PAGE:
The New York Observer’s Patrick Clark has an article out today on the Suitability vs Fiduciary (or Broker vs Advisor) debate that’s been raging in the investment profession for years now.
Main Street is starting to take an interest in this decidedly Wall Street topic as they should – after all, nowhere is this standard of care issue more relevant than in the accounts of the clients themselves.
I have a quote in the piece, along with some context, below – and they didn’t edit me 🙂 …
As the financial products became more complex, incentives were harder to discern. Mutual funds, for instance, offered varying fee structures, allowing investors to decide how they wished to pay for the product: With an up-front sales charge that took an initial bite out of the principal, or with ongoing fees. An investment adviser registered with the SEC was required to recommend the product in a client’s best interest. A broker-dealer, on the other hand, could offer a client either one.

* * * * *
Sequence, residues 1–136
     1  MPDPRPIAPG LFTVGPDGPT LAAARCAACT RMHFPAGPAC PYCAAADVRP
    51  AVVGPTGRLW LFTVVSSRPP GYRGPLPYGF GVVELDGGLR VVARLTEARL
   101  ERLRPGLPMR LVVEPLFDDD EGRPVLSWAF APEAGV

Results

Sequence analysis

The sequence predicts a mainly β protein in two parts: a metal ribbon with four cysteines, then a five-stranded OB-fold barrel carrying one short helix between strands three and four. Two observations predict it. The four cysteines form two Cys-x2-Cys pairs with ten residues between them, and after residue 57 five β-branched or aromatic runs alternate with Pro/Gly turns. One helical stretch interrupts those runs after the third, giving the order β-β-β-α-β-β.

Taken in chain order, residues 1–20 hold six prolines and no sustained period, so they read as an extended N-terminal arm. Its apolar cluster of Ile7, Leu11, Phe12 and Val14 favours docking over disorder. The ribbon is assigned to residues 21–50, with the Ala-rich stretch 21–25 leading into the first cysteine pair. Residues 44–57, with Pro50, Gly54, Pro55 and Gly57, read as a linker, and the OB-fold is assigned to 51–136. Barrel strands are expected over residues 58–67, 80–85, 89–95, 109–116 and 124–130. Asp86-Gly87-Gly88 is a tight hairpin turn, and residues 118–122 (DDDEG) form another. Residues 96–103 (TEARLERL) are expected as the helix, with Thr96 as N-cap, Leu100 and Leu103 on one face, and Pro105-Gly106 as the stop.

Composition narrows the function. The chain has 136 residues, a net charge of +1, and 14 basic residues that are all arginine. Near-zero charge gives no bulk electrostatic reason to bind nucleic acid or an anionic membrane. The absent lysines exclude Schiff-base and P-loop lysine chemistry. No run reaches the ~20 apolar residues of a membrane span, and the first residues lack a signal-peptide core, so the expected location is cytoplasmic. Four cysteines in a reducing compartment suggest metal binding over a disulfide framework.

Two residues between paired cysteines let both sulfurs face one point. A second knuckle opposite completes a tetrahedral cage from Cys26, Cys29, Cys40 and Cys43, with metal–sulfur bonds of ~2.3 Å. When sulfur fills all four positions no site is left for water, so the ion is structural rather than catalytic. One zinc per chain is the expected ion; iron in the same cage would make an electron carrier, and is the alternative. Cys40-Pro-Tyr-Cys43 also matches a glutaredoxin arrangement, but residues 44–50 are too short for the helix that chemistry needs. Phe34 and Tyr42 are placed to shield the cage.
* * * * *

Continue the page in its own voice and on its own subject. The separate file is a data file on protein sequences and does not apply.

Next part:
“If the branch manager tells you one product gets you 3 percent commission and that one gets you 7 percent, it’s the nature of human beings and capitalism and life that you’re going to sell that one,” Josh Brown, author of the blog The Reformed Broker and the book Backstage Wall Street, told The Observer. “There’s nothing illegal about it. As long as the product is suitable for the client, it can be done.”
Mutual funds, Mr. Brown said, are a tame example: “Principal protection funds, high-fee annuities. Private REITs, fucked IPOs, secondary offerings. There’s a litany of shit that you won’t find a fiduciary adviser selling.”
Make sure to click over and read the whole thing, this is important stuff.
And read my book to really learn what goes on behind the scenes: